Many engineers use 8 bit microcontrollers because of their low cost and ease of use. 32 bit microcontrollers generally offer higher performance than 8 bit parts, but many believe their cost is significantly higher than bit uCs and that they are more difficult to use than 8 bit parts. While 32 bit parts are generally a little more complicated than 8 bit parts, the cost of 8 and 32 bit parts aren’t that far apart in many cases. Additionally, the 32 bit parts offer significantly higher performance. In other words, give 32 bit parts a chance!
NXP has introduced a very low cost (i.e. often less than $1 in production volumes) line of 32 bit microcontrollers, the LPC111X family. There are several other companies also offering some type of ARM Cortex M0 microcontroller. NXP was one of the earliest, but Freescale (Kinetis L), ST Micro (STM32 F0), and Nuvoton (M051,M058,Mini51,NUC100,NUC122) also have Cortex M0 offerings. This document will give a brief introduction on how to get up and running using NXP's LPC1114. The code will work on several other members of the LPC11xx family as well.
The assumption inherent in this document is that most engineers follow a fairly similar method of learning when presented with a new microcontroller family. They start by getting a development kit and trying to toggle a pin, transmit/receive with a serial port, read an ADC pin etc. This document will show some very simple examples of how to enable and operate these peripherals. This will not be exhaustive of every operating mode and every peripheral but, it is hoped that it will cover the basics in sufficient detail to allow an engineer to get up and running quickly. Also included are some tips regarding custom design of PCBs using these parts (see example schematic and BOM below in the "Hardware" section.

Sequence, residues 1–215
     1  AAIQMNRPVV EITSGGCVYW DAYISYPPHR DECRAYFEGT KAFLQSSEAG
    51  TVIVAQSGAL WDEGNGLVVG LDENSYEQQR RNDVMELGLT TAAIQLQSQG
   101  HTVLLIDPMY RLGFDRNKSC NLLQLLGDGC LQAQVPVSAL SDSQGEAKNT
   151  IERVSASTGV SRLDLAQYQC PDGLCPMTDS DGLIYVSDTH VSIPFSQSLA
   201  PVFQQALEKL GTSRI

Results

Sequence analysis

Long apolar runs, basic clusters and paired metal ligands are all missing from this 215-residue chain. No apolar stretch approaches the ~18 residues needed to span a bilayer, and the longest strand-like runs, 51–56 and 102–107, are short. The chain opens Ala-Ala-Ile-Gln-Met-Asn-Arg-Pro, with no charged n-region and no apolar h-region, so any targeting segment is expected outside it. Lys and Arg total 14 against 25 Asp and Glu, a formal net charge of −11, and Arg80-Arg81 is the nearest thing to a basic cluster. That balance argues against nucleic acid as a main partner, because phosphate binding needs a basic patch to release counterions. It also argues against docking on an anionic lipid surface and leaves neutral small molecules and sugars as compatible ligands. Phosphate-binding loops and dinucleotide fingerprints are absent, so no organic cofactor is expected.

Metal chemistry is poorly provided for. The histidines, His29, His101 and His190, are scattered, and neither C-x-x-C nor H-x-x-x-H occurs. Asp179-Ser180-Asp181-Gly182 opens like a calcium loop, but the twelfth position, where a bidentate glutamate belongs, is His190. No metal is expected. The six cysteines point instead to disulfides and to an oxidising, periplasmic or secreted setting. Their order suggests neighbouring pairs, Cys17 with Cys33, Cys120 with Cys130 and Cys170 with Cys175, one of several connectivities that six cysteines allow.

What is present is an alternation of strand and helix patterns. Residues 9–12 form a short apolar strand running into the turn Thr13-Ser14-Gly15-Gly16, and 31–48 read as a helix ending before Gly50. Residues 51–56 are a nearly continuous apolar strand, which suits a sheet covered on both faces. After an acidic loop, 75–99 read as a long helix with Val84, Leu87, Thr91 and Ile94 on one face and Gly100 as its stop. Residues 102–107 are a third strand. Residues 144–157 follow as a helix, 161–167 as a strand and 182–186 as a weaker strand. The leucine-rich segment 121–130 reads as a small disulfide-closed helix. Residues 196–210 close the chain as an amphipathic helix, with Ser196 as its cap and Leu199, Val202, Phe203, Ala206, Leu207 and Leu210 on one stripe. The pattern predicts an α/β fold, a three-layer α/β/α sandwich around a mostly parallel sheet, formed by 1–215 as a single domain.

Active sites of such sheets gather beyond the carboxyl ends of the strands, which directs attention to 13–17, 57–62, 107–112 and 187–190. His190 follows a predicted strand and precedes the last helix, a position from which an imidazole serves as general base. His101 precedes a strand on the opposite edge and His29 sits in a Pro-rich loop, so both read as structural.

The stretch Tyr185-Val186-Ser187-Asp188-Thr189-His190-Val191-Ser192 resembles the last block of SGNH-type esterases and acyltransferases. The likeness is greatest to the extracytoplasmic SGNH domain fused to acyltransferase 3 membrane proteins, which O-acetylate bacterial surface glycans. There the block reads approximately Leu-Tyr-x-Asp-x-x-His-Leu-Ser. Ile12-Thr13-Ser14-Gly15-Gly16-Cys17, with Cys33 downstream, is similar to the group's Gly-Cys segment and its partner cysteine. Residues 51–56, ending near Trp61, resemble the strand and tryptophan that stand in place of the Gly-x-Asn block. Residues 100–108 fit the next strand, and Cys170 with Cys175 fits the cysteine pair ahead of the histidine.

This document is primarily targeted at those who are familiar with 8 bit microcontrollers, but are interested in learning to use a 32 bit part. It is hoped that this document can make getting started with a 32 bit part as painless as possible. It is realized that this code is very simplistic, and if one were going to write production code, there would certainly be other features, such as error checking, that would be needed. This code is provided purely to provide a simplistic “working” example.
The examples described in this document will be run on Embedded Artists’ EA-XPR-002 (shown at the top of this wiki page). It should be noted that EA-XPR-002 from Embedded Artists is identical to OM11049,598 from NXP. So the two part numbers can be used interchangeably. This document generally refers to EA-XPR-002, but that is just for convenience. Any example given in this document should work on both boards using the Code Red Software (discussed below). This PCB can be used standalone, plugged into a solderless breadboard, or it can be plugged into a dedicated base board such as EA-XPR-021 (shown in Figure 1 below). The EA-XPR-002 or the OM11049,598 plugs in on top of this baseboard and allows you to use the peripherals of the LPC1114 in an easily measurable/observable way. Since this page was first built NXP purchased Embedded Artists and has obsoleted the EA-XPR-002. So just use the OM11049,598. All the examples should work exactly the same.
Figure 1: NXP's EA-XPR-021
If the LPC1114 (or any other LPC111X device) is being designed into a custom board here are a couple examples of how to connect the part to the programming header (plus part numbers). This circuit was built and successfully tested with the parts indicated.
Digi-Key Part Number
534237-6 (TE Connectivity)
EMK107B7105KA-T (Taiyo Yuden)
Figure 2: Here here are some examples of basic circuits that can be used to get the LC1114 up and running on a custom board. It should be noted that the connector, J1, has the pins on the left and right side shorted together so 1 and 2 are shorted together as are 3 and 4 etc. The connector, 5535676-7, has the advantage of being very securely attached to the PCB. Other connector options are shown as well. A possible mating connector for the three connectors given/shown above is 961108-5604-AR from 3M